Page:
The possibility that Israel could for the first time possibly become a major energy player, and even the source of a new pipeline route to Southeastern Europe that could at the same time decrease Russian control over energy exports to the Continent, remade historic alliances.

This was exacerbated by the AKP government’s increasingly pro-Islamist stance and high-profile incidents such as the May 2010 Mavi Marmaris incident that brought Turkish-Israeli relations to an all-time-low. Thus, whereas in the prior Kemalist military-secular system Turkey had often been a preferred ally for Israel over Greek governments that were themselves often friendly to Israeli’ Arab enemies, the new reality provided an opportunity for rapprochement between Greece and Israel.

This reached its culmination in late 2019 and into 2020, when a US and EU-backed EastMed pipeline plan from Israel to Europe via Cyprus and Greece (including Egyptian cooperation) was signed.

At the same time, Turkey heading into 2020 was taking steps to improve its own diplomatic relations with Israel, and pushing the concept of an Israel-Turkey alternate pipeline. While the reality of volatile territories in between the two makes this somewhat tentative, the Turks have argued that it would be far cheaper than the alternate sea route. Of course, it would also give them all of the geostrategic leverage over their Greek and Cypriot rivals.

Since experts in the energy field believe the depth of resources, cost of extraction compared to expected market rates, and trends in terms of alternate energy options may make the whole project unfeasible, it is thus clear from the research (and reading between the lines of different diplomatic statements) that the ultimate ‘prize’ of an energy alliance with Israel is all of the other benefits that come with it. Turkey has not changed its Islamist course, but remains pragmatic enough to recognize Israel as a regional superpower, and knows that improving its relations with both Washington and Moscow can be achieved in certain respects through closer ties of any kind. Energy is one such relationship, and whether or not the stated projects ever materialize is less relevant than is the idea of being visible in the game and not conceding defeat to the other side. That is the approach both Greek and Turkish leaders are taking.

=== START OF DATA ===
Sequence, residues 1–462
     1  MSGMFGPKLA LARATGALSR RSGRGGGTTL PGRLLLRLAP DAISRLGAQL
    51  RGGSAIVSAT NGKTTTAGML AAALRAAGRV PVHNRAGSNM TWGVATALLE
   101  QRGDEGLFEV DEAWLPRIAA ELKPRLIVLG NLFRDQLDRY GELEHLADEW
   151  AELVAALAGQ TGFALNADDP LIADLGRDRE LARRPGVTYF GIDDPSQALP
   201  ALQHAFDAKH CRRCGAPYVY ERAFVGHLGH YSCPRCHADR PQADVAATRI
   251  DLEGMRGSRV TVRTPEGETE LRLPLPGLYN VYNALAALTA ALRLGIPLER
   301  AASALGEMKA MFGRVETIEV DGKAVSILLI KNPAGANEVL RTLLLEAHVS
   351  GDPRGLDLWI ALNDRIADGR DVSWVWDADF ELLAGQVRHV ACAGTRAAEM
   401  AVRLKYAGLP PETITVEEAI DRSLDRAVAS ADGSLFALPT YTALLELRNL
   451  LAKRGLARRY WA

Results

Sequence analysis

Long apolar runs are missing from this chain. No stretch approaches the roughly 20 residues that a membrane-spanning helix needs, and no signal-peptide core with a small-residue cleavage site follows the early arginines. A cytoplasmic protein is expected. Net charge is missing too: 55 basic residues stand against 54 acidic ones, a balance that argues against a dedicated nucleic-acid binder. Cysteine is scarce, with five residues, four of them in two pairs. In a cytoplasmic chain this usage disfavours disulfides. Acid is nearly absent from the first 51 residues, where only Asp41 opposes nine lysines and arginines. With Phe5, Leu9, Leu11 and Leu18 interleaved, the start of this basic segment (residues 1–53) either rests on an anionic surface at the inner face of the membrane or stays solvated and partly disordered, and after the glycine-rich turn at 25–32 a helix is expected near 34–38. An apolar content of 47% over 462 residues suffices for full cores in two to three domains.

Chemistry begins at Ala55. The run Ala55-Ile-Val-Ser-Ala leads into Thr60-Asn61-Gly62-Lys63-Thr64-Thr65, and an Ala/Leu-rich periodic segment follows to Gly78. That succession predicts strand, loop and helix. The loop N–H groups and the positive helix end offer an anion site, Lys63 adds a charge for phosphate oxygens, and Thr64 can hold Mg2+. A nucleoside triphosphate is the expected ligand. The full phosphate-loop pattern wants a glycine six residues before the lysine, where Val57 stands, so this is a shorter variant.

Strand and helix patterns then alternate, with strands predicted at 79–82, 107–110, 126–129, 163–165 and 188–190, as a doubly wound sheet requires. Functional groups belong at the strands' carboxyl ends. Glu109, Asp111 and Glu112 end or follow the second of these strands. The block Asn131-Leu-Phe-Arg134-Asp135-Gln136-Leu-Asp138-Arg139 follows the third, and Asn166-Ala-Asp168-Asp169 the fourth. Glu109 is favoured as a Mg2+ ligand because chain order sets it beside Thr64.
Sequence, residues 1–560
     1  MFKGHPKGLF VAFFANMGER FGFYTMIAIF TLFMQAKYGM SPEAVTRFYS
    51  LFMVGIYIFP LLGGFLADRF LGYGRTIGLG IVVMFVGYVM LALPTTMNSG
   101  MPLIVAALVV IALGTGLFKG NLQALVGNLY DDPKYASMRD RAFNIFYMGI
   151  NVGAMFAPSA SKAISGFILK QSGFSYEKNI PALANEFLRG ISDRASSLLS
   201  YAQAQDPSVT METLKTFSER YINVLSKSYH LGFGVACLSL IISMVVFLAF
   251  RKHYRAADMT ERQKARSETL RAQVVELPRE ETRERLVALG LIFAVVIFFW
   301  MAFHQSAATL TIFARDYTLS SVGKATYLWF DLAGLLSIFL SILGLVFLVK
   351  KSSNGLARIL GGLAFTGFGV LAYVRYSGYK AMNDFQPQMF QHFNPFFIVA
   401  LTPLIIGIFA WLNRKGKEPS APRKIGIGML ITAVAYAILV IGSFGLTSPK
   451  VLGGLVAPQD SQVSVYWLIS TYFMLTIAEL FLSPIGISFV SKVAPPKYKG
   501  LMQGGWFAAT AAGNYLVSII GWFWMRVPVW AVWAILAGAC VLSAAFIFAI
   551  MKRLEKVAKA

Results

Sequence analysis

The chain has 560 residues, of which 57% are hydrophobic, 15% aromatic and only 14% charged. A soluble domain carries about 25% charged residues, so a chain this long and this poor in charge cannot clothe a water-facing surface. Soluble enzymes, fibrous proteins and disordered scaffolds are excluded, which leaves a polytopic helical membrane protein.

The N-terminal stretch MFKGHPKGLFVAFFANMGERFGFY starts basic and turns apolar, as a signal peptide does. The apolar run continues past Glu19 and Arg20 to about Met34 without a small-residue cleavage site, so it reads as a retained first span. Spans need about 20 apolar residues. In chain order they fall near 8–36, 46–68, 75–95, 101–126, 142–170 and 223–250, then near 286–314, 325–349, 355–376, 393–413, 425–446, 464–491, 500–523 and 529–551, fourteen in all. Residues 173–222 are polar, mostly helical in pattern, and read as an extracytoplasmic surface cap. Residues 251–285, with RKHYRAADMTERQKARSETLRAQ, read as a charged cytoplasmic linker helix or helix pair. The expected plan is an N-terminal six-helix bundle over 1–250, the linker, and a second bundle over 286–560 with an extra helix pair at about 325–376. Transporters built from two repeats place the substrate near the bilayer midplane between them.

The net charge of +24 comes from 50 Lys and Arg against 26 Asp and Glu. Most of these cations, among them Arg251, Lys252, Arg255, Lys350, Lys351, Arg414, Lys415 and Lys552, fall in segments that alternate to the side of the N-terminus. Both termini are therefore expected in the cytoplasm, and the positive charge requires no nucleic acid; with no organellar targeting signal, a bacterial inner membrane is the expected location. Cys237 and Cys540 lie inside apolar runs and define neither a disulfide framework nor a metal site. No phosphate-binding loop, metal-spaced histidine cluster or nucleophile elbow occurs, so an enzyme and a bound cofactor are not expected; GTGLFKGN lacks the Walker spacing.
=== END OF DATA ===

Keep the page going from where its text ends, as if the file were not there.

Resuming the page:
In additions to offshore hydrocarbons fields, the regional rivalry over energy is likely to become increasingly territorial as EU and UN-mandated renewable energy sources will both compete with and complement the established sources. And it will also require more access to territorial (including maritime territory) for things like wind farms and hydropower.

Thus, in all respects regional states (and the alliance structures they create and expand) will likely tend to manifest energy projects (especially in the political and media spotlight), even when they are not likely or credible, if they can in some way remain as sort of placeholders for national and territorial interests.

 Therefore, analysts would do well to consider the general hypothetical question of what elements will become most significant, should energy disputes in the region in fact be more politically than economic driven.

Additional Reading on this topic:

Constantinos Yiallourides, Maritime Disputes and International Law: Disputed Waters and Seabed Resources in Asia and Europe

Menahem Blondheim and Andreas Stergiou, Conflict & Prosperity: Geopolitics and Energy in the Eastern Mediterranean

Leigh Hancher and Antonis Metaxas, Transformation of EU and Eastern Mediterranean Energy Networks: Legal, Regulatory and Geopolitical Challenges

Michalis Mathioulakis, Aspects of the Energy Union: Application and Effects of European Energy Policies in SE Europe and Eastern Mediterranean

Ayşegül Sever and Orna Almog, eds., Contemporary Israeli–Turkish Relations in Comparative Perspective